In a May 2020 post, I briefly talked about USCF tournament direction: how to become a tournament director, what a neophyte could expect in their first events, and the different levels of TD.
To review, the levels are, in ascending order:
Club Tournament Director
Local Tournament Director
Senior Tournament Director (SrTD)
Associate National Tournament Director (ANTD)
National Tournament Director (NTD)
The tiers are appropriately named, in my view: “Club” and “National” describe exactly the level of events these TDs are qualified to lead!
Club TD does not require an exam; to promote to the higher levels, you need tournament “experience credits” that qualify you to take an exam, each requiring a passing score of at least 80%.
In February 2002, as an 18-year-old, I began my directing career as an assistant at The Right Move scholastic tournaments in New York City. I wasn’t officially a TD at the time, and my biggest responsibilities were moving the tables before and after the event, setting up and packing up sets, crowd control, and going out to get the staff lunch. A well-earned $50.
That summer I became a Club TD; in June 2003 I became Assistant Manager at the Marshall Chess Club and began directing constantly. Sometime later that year I took and passed the test for Local TD.
By 2005 I had enough experience credits to test for Senior TD, and passed my exam to earn that rank in April 2005.
One (or Two) Tournaments Short
I continued directing scholastic and adult tournaments heavily through mid-2010 before taking a salaried job that allowed me to cut back.
By 2009 I had fulfilled all the requirements to test for ANTD except for a a Category R tournament – a round robin event with 6 players with an average rating of 1400 (this was lowered at some point from 8 players with an average rating of 1800).
Not only that, I fulfilled all the requirements for NTD as well, except for the Category R tournament and a Category N tournament – an event that awards a National title (with some further stipulations).
I could have organized a round robin … or been more proactive about getting on the staff of National events. I guess I have a habit of leaving unfinished business …
So I remained a Senior TD. One told by several NTDs that he had the chops to be an NTD himself.
FIDE to the rescue
I hoped that by becoming a FIDE Arbiter I would have opportunities to run my own round robins and clear the Category R requirement for ANTD.
It happened even before my title became official in September 2021!
Alex Ostrovskiy contacted me in August about running a norm event around Veterans Day – this became the recently concluded New York Invitational.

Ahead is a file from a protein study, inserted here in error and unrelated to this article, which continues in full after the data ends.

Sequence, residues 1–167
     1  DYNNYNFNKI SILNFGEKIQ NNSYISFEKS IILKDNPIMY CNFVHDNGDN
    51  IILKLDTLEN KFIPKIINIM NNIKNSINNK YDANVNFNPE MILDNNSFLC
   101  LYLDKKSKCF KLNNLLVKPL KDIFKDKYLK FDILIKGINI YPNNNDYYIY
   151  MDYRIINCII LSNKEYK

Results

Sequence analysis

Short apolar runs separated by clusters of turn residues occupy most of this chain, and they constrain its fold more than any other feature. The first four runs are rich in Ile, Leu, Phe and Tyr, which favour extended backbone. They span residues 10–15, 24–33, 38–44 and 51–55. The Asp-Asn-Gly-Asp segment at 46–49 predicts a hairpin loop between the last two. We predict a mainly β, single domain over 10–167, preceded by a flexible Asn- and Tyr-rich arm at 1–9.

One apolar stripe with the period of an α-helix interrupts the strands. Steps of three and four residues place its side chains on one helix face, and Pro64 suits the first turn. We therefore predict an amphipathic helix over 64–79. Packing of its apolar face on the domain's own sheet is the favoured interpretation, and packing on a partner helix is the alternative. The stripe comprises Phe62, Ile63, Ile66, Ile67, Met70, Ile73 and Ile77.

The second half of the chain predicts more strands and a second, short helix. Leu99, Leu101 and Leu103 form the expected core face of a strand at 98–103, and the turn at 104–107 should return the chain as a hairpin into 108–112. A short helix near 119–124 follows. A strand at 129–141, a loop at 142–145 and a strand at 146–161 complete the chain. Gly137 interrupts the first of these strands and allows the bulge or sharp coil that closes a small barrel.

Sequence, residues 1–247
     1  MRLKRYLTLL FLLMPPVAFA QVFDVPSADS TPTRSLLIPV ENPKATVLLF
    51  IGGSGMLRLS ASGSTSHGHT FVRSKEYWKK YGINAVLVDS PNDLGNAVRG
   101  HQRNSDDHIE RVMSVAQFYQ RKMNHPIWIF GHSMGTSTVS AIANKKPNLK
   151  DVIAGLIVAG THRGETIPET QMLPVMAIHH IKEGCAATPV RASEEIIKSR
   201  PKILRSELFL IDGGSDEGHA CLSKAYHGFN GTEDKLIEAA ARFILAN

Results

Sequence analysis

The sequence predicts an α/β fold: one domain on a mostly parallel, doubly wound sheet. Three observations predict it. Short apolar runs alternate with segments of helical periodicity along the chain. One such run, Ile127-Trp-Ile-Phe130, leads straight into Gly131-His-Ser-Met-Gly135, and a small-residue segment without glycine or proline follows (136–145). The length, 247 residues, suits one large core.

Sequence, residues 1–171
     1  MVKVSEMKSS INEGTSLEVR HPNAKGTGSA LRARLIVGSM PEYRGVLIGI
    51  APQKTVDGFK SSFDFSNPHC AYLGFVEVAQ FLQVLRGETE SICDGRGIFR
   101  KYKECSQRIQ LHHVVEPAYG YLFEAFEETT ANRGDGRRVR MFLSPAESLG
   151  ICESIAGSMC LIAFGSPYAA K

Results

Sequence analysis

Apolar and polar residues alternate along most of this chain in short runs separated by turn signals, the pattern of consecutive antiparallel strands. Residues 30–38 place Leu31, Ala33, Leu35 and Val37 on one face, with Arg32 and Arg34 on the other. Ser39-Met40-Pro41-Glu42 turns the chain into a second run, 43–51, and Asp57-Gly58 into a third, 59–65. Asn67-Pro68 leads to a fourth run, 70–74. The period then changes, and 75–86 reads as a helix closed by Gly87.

Almost immediately after all the tournament paperwork was submitted, I requested the ANTD exam from the TD certification group (there’s a quite detailed form where you list your experience credits). Chris Bird sent me a form of the test (is there anything he doesn’t do at USCF!?).
It was a doozy.
I read through the test and let it marinate in my brain for about a week before tackling it. Besides, I wanted to mentally prepare for my upcoming stint at the National Chess Congress following Thanksgiving.
I was on staff with NTDs David Hater (Chief), Bob Messenger, Boyd Reed, and Harold Stenzel but I didn’t tell any of them what I had just undertaken or ask them any questions. Additionally, I teach for NTD Sophia Rohde, but didn’t tell her I was doing the test until I already sent it in!
It was my mission, and my mission alone.
When I got home from Philadelphia, I started. How do you eat an elephant?
Obviously, I won’t discuss test questions here. But I will say that it’s a mix of the practical and the technical, and the bulk of the test relates to how you would resolve realistic disputes that could arise during an event.
I spent many, many hours on the test over the course of a week; when I finished writing my answers the length was more than nine pages!
Challenging as it was, I found the exam itself to be well-written.
However, I find USCF rules to be much more ambiguous than the FIDE Laws of Chess which left me quite unsure of some of my answers. You have two months to submit the test, but at some point I decided there wasn’t too much more I could do, and I sent it in December 6.
Chris confirmed receipt of my exam and informed me that he had sent it to a grader. Gulp!
The Local and Senior tests are multiple choice; ANTD or NTD promotion requires essay exams that are sent to an NTD grader – you aren’t told who, and I believe the grader doesn’t know the identity of the applicant.
If you score 80% you pass; if you score 70-79% you can request a re-grade by two other NTDs at which point I think you pass if two of the three graders gives you 80%.